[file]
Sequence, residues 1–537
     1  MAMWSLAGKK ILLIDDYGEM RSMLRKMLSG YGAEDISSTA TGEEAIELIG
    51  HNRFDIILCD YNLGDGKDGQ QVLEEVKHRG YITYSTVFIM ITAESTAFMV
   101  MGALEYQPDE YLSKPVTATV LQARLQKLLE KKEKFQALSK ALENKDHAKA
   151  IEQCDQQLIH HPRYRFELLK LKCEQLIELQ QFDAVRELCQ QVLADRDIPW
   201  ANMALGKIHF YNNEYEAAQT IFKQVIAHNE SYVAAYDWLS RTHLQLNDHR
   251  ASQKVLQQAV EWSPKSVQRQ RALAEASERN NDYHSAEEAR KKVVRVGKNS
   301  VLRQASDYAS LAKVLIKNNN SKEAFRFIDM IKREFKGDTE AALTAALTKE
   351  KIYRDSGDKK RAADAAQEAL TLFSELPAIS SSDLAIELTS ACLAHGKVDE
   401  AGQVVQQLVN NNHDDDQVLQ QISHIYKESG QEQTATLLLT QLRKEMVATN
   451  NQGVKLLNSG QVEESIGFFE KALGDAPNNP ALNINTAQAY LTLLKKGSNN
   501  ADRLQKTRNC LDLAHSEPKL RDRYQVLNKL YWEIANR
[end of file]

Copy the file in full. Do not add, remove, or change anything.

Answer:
Sequence, residues 1–537
     1  MAMWSLAGKK ILLIDDYGEM RSMLRKMLSG YGAEDISSTA TGEEAIELIG
    51  HNRFDIILCD YNLGDGKDGQ QVLEEVKHRG YITYSTVFIM ITAESTAFMV
   101  MGALEYQPDE YLSKPVTATV LQARLQKLLE KKEKFQALSK ALENKDHAKA
   151  IEQCDQQLIH HPRYRFELLK LKCEQLIELQ QFDAVRELCQ QVLADRDIPW
   201  ANMALGKIHF YNNEYEAAQT IFKQVIAHNE SYVAAYDWLS RTHLQLNDHR
   251  ASQKVLQQAV EWSPKSVQRQ RALAEASERN NDYHSAEEAR KKVVRVGKNS
   301  VLRQASDYAS LAKVLIKNNN SKEAFRFIDM IKREFKGDTE AALTAALTKE
   351  KIYRDSGDKK RAADAAQEAL TLFSELPAIS SSDLAIELTS ACLAHGKVDE
   401  AGQVVQQLVN NNHDDDQVLQ QISHIYKESG QEQTATLLLT QLRKEMVATN
   451  NQGVKLLNSG QVEESIGFFE KALGDAPNNP ALNINTAQAY LTLLKKGSNN
   501  ADRLQKTRNC LDLAHSEPKL RDRYQVLNKL YWEIANR